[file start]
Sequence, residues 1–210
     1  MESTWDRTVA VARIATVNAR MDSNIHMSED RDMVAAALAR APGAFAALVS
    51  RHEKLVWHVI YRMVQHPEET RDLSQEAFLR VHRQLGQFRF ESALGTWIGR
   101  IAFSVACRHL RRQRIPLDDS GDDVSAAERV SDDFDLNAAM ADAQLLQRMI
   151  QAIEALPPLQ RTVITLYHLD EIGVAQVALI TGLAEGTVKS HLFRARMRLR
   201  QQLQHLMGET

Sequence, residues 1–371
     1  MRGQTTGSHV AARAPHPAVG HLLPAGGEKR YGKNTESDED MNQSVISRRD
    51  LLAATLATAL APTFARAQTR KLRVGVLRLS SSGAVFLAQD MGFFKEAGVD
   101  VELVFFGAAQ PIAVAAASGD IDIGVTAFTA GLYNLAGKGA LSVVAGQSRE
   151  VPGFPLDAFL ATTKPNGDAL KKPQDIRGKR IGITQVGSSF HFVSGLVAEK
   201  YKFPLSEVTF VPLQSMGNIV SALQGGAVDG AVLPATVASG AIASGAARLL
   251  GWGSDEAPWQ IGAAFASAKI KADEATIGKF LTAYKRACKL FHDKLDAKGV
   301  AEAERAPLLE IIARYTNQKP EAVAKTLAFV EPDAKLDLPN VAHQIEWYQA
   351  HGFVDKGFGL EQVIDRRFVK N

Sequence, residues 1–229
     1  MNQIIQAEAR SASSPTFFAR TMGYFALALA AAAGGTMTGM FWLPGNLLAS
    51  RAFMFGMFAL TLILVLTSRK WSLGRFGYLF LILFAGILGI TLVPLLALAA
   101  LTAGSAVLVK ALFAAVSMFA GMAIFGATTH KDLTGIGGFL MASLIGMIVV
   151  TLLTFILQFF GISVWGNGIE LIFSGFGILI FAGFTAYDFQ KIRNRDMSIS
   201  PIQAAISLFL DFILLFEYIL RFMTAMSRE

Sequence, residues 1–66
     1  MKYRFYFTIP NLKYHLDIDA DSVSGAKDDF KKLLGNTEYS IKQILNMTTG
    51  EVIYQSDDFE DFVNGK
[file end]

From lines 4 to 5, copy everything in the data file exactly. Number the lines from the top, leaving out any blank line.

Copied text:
   101  IAFSVACRHL RRQRIPLDDS GDDVSAAERV SDDFDLNAAM ADAQLLQRMI
   151  QAIEALPPLQ RTVITLYHLD EIGVAQVALI TGLAEGTVKS HLFRARMRLR